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I don't really believe that anyone likes abortion. I think simply the idea is counter to our very being, our instinct or drive for survival, however, I believe that being human makes it all so very complicated. And I believe that it is an impossible conversation that cannot be resolved, not ever. That is because each person and each person's experience is so very unique. I myself would have told you for the majority of my adolescence and adulthood that I am absolutely and resolutely opposed to abortion because it is ending the potential for life, however small and unnoticeable, of a human being. That has changed somewhat over the last few years. I still believe that morally we are obligated to protect our young, and spiritually I believe that it is our obligation to let be what is to be. But I have had the unique and, at the time, cursed, but now blessed, situation of having a baby prenatally diagnosed with a significant birth defect. Just prior, ten months, to be exact, of this baby's diagnosis, our second child was stillborn due to a true knot in his cord. He was "perfect". She was definitely not. Having felt my soul ripped from the very core of my being, and the alienation of being betrayed by my own body, twice, some might say, left me standing in the rubble of my former religious, moral, and faith values. Lost. Alone. Completely alone. I was left wondering, was my stillborn boy anyone at all? Did he exist? Was he mere tissue? Were his red eyelashes, ten little toes, shock of dark hair, chubby little tummy and dimpled chin simply products of pregnancy? Did he count? Did I have two children, or just one? And then ten months later, the doctors told us, "she has Down syndrome. This is what her life will be like and yours....." What now? Does she count? Does she have ten fingers and ten toes, does her chubby little tummy count yet? It's been nearly five years since our boy, David, was stillborn, and whenever I hear an argument about abortion, I wonder about the woman who is facing this kind of a dilemna. I wonder about whether or not she has support from the man, if he was a stranger who harmed her, or a family overwhelmed by debt or life circumstances. I wonder who she will have to support her after her decision, or if she will have to suffer either choice alone. Because what I've found through my life circumstances, losing David, and welcoming Samantha, is that once something happens, you are alone. My son died accidentally, and the pain was too much for others to bear, my husband and I were alone in our deepest grief. Samantha was born alive and well, despite the Down syndrome, and we were alone again. The pain was too awkward for others to share. So my conclusion is not that this country is "pro-life" or "pro-choice", but that we are not either. We are "pro-birth" or "choose-one-or-the-other-and-then-out-the-door". Pro-lifers don't support each other once that baby is born, and pro-choicers don't help heal the wounds that termination leaves behind. What if we supported each other fully? What if the family struggling next door, was the recipient of occasional boxes of diapers and precooked meals? What if adoption was more of a real option? What if all the crazy red tape and high fees and stigma were removed from adopting and giving your child to an adoptive family? What if the embarrassment of finding yourself pregnant the fourth, fifth, sixth time and struggling to make ends meet was no longer embarrassing, but instead finding a loving home for that child was acceptable? What if we didn't see children like my Samantha as burdens and "icky" as a society and instead saw their unbelievable and very misunderstood potential as fully functioning human beings? What if we helped our young people who have always and will always make mistakes in their quest for "adulthood" deal with the consequences of their actions without stigma and blame? What if a woman who is facing death herself, could give her baby a funeral after she has made the unbearable decision to terminate to save her life? What if she were allowed to grieve openly for her child, or her decision, whichever side you stand on? Abortion cannot be black and white. And it will not be resolved until we stop looking to the politicians to make these kinds of decisions and start looking at ourselves and seeing what we can do to help in our own lives, our own circles.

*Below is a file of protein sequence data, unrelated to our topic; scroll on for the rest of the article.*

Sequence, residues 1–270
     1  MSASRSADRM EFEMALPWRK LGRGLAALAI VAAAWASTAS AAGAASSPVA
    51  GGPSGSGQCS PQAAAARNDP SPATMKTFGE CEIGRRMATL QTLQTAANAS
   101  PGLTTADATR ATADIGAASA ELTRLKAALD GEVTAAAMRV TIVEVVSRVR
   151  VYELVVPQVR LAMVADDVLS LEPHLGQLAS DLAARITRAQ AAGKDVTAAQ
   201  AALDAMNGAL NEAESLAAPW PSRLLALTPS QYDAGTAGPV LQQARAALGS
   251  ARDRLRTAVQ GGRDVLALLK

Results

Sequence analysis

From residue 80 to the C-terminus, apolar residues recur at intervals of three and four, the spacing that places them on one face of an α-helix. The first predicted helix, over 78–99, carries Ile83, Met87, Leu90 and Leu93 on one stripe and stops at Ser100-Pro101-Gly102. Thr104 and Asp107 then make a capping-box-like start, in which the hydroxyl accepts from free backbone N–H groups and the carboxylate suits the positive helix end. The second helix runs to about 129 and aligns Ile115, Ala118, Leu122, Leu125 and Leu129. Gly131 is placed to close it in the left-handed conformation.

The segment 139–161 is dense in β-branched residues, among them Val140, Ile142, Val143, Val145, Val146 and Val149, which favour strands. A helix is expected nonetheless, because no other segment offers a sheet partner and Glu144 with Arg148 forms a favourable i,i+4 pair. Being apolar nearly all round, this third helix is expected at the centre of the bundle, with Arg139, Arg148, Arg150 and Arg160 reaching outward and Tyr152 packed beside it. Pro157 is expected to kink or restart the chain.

I would like to know from both sides-where are you? Where are you during that termination and in the months and years afterward? Where are you after that baby is born and the parent(s) is struggling to parent, or survive, or feed that child? Where are you when that baby with that birth defect is born and the whole family is trying do their level best for each member of that family? Where are you when that woman is raped and then has to struggle with her morals and her spirituality when she finds herself pregnant? Where are you when those kids followed their hormones instead of their heads and now college is no longer an option? Are you simply pointing your finger and laying blame, or helping them heal?